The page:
AU lights up the Teardrop with Purple Lights

Students and guests attended the Fifth Annual Purple Light Nights at AU for a panel discussion on issues regarding intimate partner violence, in honor of Domestic Violence Awareness Month. (Photo: Kait Fruechting)
Students and guests attended the Fifth Annual Purple Light Nights at AU for a panel discussion on issues regarding intimate partner violence, in honor of Domestic Violence Awareness Month. (Photo: Kait Fruechting)

By Sequoia Sinclair | Staff Writer

The Augusta University Teardrop lit up with purple lights on Oct. 5 at 6:30 p.m., in honor of October as Domestic Violence Awareness Month.

Dr. Allison Foley, an associate professor in sociology, hosted the Fifth Annual Purple Light Nights with four panelists that spoke about pressing concerns in regards to intimate partner violence.
While the history of the Purple Light Nights panel is usually informative, one panelist shared her survivor story. Dr. Meredith Rausch, a professor in the department of counselor education, leadership and research, discussed the conventions of emotional abuse.

“Intimate partner violence is often associated with physical abuse, but in many cases, that is not true,” said Rausch. “My partner humiliated me in public, isolated me from the people I loved and accused me of everything wrong in his life. He took away my autonomy.”

The story encapsulates the reality of intimate partner violence.

“These types of relationships may not break bones, but they break spirits,” Rausch said. “Through counseling, I evaded the trauma of emotional abuse. Working therapy is the road to self-rediscovery and healing. It is very difficult but worth it in the end.”

In agreement, the panelists urged their audience to find and tell a trusted friend, family member, faculty or staff, if someone is experiencing intimate partner abuse. Be the ear and support for those who may be in a dangerous situation.

Yasmin Thomas Goodman, a veteran SafeHomes legal advocate, spoke about options people have when leaving a dangerous relationship.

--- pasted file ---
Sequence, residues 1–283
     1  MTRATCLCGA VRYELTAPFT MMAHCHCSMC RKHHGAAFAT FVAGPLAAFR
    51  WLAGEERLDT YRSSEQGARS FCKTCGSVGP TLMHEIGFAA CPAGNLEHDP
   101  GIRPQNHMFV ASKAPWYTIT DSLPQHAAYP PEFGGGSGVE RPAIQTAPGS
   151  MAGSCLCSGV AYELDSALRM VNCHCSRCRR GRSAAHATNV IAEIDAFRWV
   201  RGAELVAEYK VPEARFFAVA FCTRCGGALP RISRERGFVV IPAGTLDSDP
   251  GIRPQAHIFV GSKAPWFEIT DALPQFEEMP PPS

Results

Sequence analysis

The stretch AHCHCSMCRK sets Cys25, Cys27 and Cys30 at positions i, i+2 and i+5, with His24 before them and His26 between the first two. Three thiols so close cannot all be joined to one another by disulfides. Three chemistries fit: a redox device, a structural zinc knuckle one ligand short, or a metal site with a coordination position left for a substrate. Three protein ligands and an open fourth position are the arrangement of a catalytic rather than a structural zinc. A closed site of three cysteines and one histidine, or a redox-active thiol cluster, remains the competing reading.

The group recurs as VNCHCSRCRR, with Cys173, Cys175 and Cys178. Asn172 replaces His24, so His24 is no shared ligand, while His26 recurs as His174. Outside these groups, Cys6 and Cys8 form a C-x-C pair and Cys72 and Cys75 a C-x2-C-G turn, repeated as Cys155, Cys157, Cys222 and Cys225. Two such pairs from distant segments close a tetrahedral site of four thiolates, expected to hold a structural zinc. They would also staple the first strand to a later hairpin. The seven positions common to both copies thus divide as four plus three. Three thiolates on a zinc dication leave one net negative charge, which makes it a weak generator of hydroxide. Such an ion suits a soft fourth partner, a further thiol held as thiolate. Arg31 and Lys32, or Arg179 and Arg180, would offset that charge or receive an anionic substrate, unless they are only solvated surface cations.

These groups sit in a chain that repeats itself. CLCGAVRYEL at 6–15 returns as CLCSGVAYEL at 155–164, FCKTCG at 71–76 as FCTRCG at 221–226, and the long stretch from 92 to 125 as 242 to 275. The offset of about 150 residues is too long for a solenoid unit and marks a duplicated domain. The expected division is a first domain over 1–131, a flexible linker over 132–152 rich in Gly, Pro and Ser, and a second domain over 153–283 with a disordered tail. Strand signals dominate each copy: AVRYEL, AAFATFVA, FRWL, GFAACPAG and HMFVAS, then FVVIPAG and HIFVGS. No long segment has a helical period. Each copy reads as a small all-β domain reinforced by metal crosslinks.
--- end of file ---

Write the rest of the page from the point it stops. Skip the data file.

“Intimate partner abusers wear many hats,” Goodman said. “It is financial as well as emotional, social, isolation, sexual, and physical.”

Goodman defined domestic violence as “a pattern of cohesive and controlling behavior and tactics used by one person over another to gain power and control over that person.”

How can someone safely leave an abusive relationship?

A purple ribbon is placed on a light post for the event. (Photo: Kait Fruechting)
A purple ribbon is placed on a light post for the event. (Photo: Kait Fruechting)

“A safety plan,” Goodman said. “Advocates will brainstorm scenarios or situations in which the victim evacuates. It is important that the victim grabs certain documents such as their ID and social security. Do not allow the offending to have access to such documents to control you. Call SafeHomes, they will provide services that cater to different domestic violence situations.”

Catherine Patrizio, sexual assault nurse examiner (SANE) at University Hospital, explained to viewers about handling sexual assault.

“When someone discloses that they were sexually assaulted the hospital will take the victim to a room and ask them to disclose the details,” said Patrizio. “There will be a doctor, a nurse, a Rape Crisis Sexual Assault Advocate, and the police will be called to listen to the statement—so the victim does not have to state it more than once. The hospital will ensure that confidentiality is respected and legally have to oblige. It is the victim’s choice in how they chose to go forth with the examination.”

Patrizio added that sexual assault is not only done by a stranger.

“The fact is that 75% is actually done by someone [the victim] knows,” Patrizio said.

Michele Reed, the new Title IX coordinator discussed what Augusta University does for students in the event of an intimate partner dilemma.

“I guide students through the process once he or she may have disclosed abuse or harassment,” Reed said. “I can refer students or employees in the right direction. I also empower them to make the decision that is right for them at the time. If a student or employee wants to pursue through Title IX, it is a civil process not a criminal one.”

Reed said if a student disclosed the experienced intimate partner violence but do not want to pursue a criminal investigation, she can implement an order of no contact or modify classes to create a safe environment for all personnel involved.

Purple Light Nights on Oct. 5 was the kickoff for other events in Domestic Violence Awareness Month in order to raise awareness on the resources that Augusta has for those experiencing intimate partner violence.

When asked why it is important to host events like Purple Light Nights, Dr. Alison Foley said that it is “to empower people with knowledge, to honor those no longer with us because of domestic violence and to celebrate survivors.”

Contact Sequoia Sinclair at sesinclair@augusta.edu.

Published on November 7, 2016 in Vol. 59, Issue 2 of The Bell Ringer newspaper.

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